Former Man of Steel, ‘Crooked Arrows’ star Brandon Routh talks Superman curse, lacrosse and gay marriage
(Photo: Freestyle Releasing/Everett Collection)
Thelma Adams: Had you ever played lacrosse before you took this role as a cynical college lacrosse star that ends up coaching a tribal team?
Brandon Routh: No, but the story was about a sport I was really interested in. I wanted to learn more about lacrosse — and get paid to learn how to play a cool sport.
TA: I didn't realize that lacrosse was created by Native Americans who sometimes played the game for two to three days straight from sun-up to sundown. Your character is a half-Native American who initially turned his back on his traditions. You have Native American roots, right?
BR: Yes. I'm Chickapoo, watered down quite a bit, on my father's side.
TA: This movie seems like a passion project for you — why is that?
BR: We want to help spread lacrosse across the country. Fans of lacrosse will love the movie for action. But above all, it's just a great story about fathers and sons, sisters and brothers, and teamwork -- everyone working together to create a better team and a better community.
TA: Your career has been a little subdued since you starred in "Superman Returns." What do you think of the so-called curse of Superman — and the untimely deaths of so many actors who played that part, like George Reeves, Christopher Reeves, Lee Quigley and the rest? Even Kate Bosworth has said that her role as Lois Lane cost her her engagement to Orlando Bloom.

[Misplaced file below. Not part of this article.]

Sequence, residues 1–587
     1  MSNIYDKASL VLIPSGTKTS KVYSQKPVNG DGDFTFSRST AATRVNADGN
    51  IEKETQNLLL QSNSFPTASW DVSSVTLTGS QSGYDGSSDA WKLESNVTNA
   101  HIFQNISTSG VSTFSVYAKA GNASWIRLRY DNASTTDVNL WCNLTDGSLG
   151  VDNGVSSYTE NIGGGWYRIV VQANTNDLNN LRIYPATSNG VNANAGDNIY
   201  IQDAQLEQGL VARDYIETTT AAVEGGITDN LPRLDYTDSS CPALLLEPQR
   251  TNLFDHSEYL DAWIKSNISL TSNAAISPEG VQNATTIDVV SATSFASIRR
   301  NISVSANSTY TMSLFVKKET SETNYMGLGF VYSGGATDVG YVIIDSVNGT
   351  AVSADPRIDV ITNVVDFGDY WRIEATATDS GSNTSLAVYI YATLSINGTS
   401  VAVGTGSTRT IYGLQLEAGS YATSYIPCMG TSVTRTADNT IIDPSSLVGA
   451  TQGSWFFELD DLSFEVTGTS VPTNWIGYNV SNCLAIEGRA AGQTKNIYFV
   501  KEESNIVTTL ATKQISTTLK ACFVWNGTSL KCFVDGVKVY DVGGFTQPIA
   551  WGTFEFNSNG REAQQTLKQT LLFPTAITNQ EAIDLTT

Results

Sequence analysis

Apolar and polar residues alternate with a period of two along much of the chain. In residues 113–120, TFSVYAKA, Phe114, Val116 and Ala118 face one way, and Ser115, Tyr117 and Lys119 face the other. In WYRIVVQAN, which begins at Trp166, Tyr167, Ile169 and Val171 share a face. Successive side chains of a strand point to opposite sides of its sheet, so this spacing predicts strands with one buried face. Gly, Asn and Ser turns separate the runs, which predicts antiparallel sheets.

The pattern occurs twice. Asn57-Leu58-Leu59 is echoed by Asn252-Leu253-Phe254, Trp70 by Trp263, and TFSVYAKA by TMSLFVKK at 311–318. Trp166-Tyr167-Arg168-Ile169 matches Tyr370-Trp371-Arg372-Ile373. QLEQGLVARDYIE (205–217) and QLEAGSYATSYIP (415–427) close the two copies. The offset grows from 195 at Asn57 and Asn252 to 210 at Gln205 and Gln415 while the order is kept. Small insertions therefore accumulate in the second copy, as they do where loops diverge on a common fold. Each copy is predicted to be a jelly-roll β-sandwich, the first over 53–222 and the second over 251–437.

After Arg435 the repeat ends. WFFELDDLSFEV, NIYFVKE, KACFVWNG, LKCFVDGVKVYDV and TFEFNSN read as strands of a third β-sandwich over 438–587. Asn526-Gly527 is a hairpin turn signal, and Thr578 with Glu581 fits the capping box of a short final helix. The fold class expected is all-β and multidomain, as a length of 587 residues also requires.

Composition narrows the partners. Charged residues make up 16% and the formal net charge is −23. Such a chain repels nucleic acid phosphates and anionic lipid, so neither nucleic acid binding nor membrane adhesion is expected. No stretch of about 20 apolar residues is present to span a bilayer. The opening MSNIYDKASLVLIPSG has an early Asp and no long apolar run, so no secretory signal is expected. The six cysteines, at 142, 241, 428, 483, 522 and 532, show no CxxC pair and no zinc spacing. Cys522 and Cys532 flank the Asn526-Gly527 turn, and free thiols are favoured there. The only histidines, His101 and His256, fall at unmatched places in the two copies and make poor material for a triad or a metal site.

BR: There is no curse of Superman. My life has changed in the most amazing ways since playing that role and that's the simple fact of it. Without that you would not know who I am. I would not be the working actor that I am.
TA: They're resurrecting the franchise with Henry Cavill in the lead. Do you have any advice for him?
BR: From what I've read he seems like a pretty level-headed guy. He'll treat it with the respect it deserves. The curse is nonsense. Live your own life and make your own decisions.
TA: That seems to be working out in your career. You've just been cast as Wyatt in the CBS sitcom "Partners." You play the gay love interest of one of the partners. Did the role require any special preparation?
BR: There was no need to prepare. Any of that aspect of that character is driven by the script and story. What I like about Wyatt is, regardless of his sexuality, his positive attitude and wonderful naivete. He's a former club-hopping alcoholic and now is a sober vegan nurse. I think of him as a slightly dim Mr. Rogers.
TA: So, are there a lot of cardigans in your future?
BR: I get to wear a lot of smocks.
TA: Given your character, what's your position on gay marriage?
BR: I think it should absolutely be available to everyone in every state in every country.